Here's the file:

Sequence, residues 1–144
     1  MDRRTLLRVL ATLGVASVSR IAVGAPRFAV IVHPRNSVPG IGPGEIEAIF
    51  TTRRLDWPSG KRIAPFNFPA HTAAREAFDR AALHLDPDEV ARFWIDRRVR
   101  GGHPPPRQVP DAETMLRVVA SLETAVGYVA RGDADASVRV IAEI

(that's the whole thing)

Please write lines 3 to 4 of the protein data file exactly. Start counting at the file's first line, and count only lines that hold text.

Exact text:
    51  TTRRLDWPSG KRIAPFNFPA HTAAREAFDR AALHLDPDEV ARFWIDRRVR
   101  GGHPPPRQVP DAETMLRVVA SLETAVGYVA RGDADASVRV IAEI